AWS Cognito is a managed identity provider and user management service comprised of two main services:
- User pools
- Identity pools
A user pool is a directory of users . It integrates with other SSO providers such as Google, Amazon and Apple. This allows customers to create a user account in the user pool by simply authenticating with their chosen SSO provider. It uses OpenID Connect or SAML to delegate authentication to third party identity providers. Additionally, it can be used to store custom attributes about users. Users can be assigned read/ write permissions to these attributes when the user pool is configured.
An identity pool allows users to access the accounts AWS resources, by provisioning a specific IAM role which a person who is authenticated with a user pool can assume. It can also allow unauthenticated users to assume a different IAM role if configured to do so.
Listed below are the common terms, grant flows and types of client required to understand Cognito
|SAML||Protocol||Security Assertion Markup language is a protocol used to delegate authentication from a service provider to a third party identity provider. It uses SAML assertions, which are XML documents used by identity providers to describe users. These are parsed by the service provider and used to authenticate the user with the service.|
|OAuth||Protocol||Open Authorisation is a protocol identity servers use to implement fine grained access control on some service to a resource server. It provides an access token to the service which has a scope describing which actions the token authorises.|
|OIDC||Protocol||Open ID Connect is an extension to the OAuth protocol. It adds an ID token which the application can parse to view claims about the identity of the authenticated user.|
|JWT||Token||JSON web tokens are tokens containing a signed payload often used when authenticating a user.|
|Access token||Token||An access token is used to authorise API calls against a resource server.|
|ID token||Token||An ID token is a JWT containing claims used to authenticate a user.|
|Authorisation code||Grant flow||The user receives an authorisation code after authenticating with the identity server. This is sent to the service specified by the redirect URI. The code can subsequently be exchanged for an access token by the client when presented to the OAuth endpoint alongside a client secret (if specified).|
|Implicit grant||Grant flow||The user directly receives an access token after authenticating with the identity server.|
|Confidential client||Client||The client is considered confidential, meaning client secrets can be stored on it. An example would be a backend server.|
|Public client||Client||The client is not confidential, meaning client secrets cannot be stored on it. An example would be a web application.|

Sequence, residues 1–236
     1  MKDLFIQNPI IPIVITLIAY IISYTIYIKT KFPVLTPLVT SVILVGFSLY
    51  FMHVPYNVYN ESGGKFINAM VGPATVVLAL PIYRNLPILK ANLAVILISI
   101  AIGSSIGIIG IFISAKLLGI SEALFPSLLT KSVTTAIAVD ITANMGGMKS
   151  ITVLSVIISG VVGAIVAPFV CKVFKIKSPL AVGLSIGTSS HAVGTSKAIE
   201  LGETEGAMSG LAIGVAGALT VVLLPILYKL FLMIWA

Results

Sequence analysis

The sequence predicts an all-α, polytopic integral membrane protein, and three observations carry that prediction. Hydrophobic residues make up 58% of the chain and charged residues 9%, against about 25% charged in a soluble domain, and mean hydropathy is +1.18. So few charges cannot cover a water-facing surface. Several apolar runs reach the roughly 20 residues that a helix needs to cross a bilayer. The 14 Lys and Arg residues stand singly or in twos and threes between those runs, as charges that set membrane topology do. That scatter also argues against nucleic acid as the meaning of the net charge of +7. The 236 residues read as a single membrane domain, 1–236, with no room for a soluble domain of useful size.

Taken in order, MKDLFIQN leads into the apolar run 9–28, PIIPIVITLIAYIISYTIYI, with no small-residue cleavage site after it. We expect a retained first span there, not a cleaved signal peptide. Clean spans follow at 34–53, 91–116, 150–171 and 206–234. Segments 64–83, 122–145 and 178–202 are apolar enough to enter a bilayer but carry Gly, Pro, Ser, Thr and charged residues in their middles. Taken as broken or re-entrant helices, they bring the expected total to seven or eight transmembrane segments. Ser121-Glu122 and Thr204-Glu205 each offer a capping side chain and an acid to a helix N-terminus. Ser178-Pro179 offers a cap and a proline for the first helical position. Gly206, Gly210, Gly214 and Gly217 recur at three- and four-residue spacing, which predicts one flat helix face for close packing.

The methodology for assessing the security of Cognito differs when testing a user pool or an identity pool. User pools are easy to misconfigure, potentially allowing for access tokens to be retrieved by the user to run AWS CLI commands with. It is also important to consider how downstream applications handle claims, assertions and user attributes. Attributes can sometimes be directly changed by users with an access token through the AWS CLI depending on the configuration of read/write permissions. This can potentially lead to privilege escalation or account takeover.
However, identity pools can be attacked by discovering the identity pool ID and using it to get an IAM role in the underlying AWS account. The success of the attack depends on the whether the identity pool is configured to allow unauthenticated access, whether the attacker can obtain a valid identity token to authenticate as a user in the corresponding user pool and the privileges of the IAM roles assigned to both types of users.
Getting an access token and an ID token
The first step is typically getting credentials for a user in the user pool. This is typically done through the registration page of the website, but a registration flow may not always be exposed on the front end.
aws cognito-idp signup --client-id <client ID> --username <username> --password <password>
aws cognito-idp confirm-sign-up --client-id <client ID> --username <username> --confirmation-code <confirmation code>
Following this, an access token and Identity token need to be obtained using the users credentials. If the application is a public client, the tokens can be retrieved directly with the following CLI command:
aws cognito-idp initiate-auth --client-id <client ID> --auth-flow USER_PASSWORD_AUTH --auth-parameters USERNAME=<username>,PASSWORD=<password>
However, applications which are confidential clients require a client secret in addition to the client ID, which should be securely kept on the client.